The right to be forgotten builds upon the right established in the Google Spain case. This provides data subjects with a new right to raise objections directly with data controllers, and to force erasure of, and prevent further disclosure of, data files. This is available in specified circumstances, which range from data no longer being necessary for the purposes for which they were collected, to the data being processed unlawfully, to consent being withdrawn. Just as at present, there are objections to requests for erasure.
The GDPR also affirms the right to remedies, and compensation, for a data controller/processor’s breach of the regulations. This is not entirely different from the current rules. One issue worth noting is the introduction of a right to compensation for immaterial breach. At present, data subjects in most EU countries (arguably) have a right to compensation only when the breach is associated with pecuniary damage, though the GDPR explicitly remove this requirement. The opportunity for group actions (‘class action lawsuits’) increases.
Healthcare, eHealth and Research
In the early stages of discussion about the GDPR, there was real concern about the impact on healthcare, including research and health technology. The regulation, as enacted, affords some measure of flexibility to data controllers using data for medical research – including allowing broader consent at the time of data collection, than might be allowed elsewhere. However, this requirement is subject to a test of ‘objective public interest’, and it remains unclear how this will impact private sector researchers. Member States will also be free to impose ‘further conditions’ for the processing of genetic, biometric and health data, which means the regulatory landscape will continue to evolve in coming months and years.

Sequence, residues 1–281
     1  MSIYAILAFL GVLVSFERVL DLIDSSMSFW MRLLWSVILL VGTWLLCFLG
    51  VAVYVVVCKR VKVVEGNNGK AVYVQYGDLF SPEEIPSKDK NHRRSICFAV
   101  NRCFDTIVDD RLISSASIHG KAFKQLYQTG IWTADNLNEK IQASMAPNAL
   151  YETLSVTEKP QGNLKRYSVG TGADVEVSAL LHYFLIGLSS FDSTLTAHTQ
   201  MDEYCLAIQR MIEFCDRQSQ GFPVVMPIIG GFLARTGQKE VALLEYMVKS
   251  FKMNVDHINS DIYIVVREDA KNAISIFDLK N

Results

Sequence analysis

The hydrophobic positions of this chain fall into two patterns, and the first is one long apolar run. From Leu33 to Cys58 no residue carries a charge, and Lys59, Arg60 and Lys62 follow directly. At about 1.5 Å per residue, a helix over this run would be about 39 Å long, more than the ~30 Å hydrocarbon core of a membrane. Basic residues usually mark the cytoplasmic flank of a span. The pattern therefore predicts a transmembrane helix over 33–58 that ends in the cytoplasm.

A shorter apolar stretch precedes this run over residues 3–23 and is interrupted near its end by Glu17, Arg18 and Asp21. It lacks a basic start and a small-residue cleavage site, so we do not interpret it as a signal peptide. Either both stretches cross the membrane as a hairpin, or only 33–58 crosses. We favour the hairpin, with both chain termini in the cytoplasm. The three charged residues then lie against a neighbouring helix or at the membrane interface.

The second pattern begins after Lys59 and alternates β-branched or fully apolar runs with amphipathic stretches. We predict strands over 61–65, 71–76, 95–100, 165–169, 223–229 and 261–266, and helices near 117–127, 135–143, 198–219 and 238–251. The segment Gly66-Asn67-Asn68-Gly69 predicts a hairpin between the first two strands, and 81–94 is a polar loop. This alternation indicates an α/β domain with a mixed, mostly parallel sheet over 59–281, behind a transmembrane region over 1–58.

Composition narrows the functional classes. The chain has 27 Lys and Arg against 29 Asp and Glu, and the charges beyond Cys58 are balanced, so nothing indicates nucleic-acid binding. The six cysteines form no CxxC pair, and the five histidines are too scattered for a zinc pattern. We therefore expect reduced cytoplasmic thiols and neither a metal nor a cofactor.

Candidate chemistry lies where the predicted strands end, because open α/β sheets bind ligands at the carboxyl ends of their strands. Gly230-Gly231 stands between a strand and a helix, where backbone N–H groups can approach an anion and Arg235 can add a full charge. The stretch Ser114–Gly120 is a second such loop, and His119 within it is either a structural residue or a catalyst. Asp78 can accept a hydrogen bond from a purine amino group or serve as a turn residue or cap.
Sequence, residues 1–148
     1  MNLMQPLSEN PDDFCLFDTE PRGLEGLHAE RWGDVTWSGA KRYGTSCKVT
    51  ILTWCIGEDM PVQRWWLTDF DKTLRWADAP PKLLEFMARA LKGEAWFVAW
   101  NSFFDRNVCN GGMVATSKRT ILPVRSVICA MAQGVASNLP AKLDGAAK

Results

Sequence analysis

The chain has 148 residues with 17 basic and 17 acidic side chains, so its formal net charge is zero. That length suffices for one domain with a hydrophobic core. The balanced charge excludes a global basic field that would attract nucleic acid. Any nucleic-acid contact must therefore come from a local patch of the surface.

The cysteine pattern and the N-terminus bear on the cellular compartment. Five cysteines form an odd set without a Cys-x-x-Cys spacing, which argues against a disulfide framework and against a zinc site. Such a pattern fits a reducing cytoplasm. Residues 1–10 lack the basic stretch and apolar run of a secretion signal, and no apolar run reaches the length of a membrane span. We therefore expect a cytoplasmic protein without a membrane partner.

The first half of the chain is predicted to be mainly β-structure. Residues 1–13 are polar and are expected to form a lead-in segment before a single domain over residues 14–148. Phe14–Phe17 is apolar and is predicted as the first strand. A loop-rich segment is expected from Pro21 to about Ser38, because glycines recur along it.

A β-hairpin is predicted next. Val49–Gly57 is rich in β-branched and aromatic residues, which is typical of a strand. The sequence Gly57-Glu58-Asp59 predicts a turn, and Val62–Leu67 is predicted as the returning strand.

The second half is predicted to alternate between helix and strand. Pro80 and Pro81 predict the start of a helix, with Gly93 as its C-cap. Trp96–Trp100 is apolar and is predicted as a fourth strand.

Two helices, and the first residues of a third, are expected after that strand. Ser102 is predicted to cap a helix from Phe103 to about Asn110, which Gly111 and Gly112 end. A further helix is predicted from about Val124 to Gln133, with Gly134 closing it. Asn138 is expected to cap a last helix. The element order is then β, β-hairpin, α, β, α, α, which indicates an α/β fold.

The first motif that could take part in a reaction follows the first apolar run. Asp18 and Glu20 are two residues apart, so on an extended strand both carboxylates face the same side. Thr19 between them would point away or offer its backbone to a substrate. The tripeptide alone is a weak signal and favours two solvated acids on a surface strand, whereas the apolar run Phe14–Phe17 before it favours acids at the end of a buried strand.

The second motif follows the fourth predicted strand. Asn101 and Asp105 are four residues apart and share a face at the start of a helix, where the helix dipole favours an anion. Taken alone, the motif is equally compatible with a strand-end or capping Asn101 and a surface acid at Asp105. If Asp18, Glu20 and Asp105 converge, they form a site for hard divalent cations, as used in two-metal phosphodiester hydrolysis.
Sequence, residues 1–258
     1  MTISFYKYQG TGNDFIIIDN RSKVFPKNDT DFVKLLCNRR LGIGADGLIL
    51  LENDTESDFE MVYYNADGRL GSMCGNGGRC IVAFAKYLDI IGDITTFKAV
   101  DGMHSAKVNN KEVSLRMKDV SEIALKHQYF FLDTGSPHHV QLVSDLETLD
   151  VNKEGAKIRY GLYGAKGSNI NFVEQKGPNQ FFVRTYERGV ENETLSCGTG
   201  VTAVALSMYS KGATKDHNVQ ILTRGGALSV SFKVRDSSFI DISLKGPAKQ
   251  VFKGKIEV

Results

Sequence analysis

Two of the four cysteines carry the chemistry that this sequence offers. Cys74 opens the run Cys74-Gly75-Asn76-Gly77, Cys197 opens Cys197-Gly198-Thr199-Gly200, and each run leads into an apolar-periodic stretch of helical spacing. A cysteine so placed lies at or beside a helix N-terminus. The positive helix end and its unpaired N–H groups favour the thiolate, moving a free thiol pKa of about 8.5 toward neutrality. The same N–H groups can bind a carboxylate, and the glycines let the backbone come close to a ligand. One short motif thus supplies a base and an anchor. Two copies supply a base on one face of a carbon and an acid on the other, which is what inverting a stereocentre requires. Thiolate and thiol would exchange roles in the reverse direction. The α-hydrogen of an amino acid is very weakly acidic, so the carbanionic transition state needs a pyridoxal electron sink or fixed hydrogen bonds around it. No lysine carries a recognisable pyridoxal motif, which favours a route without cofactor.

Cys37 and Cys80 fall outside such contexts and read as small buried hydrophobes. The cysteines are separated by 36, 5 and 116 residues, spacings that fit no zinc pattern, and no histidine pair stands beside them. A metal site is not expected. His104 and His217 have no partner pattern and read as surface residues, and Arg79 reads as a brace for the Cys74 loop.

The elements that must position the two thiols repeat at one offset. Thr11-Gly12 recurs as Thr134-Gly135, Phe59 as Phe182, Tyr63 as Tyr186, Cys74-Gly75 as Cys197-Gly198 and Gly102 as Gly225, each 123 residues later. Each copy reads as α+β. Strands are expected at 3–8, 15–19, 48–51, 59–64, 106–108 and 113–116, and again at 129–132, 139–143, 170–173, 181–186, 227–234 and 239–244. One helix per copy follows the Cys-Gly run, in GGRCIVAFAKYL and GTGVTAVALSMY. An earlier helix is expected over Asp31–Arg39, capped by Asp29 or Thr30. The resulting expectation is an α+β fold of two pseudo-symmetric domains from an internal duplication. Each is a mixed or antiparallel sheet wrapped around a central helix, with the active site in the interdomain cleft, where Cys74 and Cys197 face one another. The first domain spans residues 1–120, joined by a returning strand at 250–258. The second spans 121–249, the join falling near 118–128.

For a detailed discussion of the impact on healthcare and related research, see: http://www.scl.org/site.aspx?i=ed46972.
Preparations for compliance with the GDPR will be time-consuming, particularly for organisations which rely heavily on the use of personal data. Many organisations, such as online retailers and data processors, will be facing a heavy, direct, data protection regulatory burden for the first time.
A data audit is a great place to begin. A structured review of your organisation’s data functions should look at how personal data is collected, processed and retained, what it is used for, and how and where it is stored. This will enable you to better understand the nature and scope of any compliance required; remember that solutions are likely to be both technical and organisational. Review whether your business requires a representative in the EU, a Data Protection Officer, or both.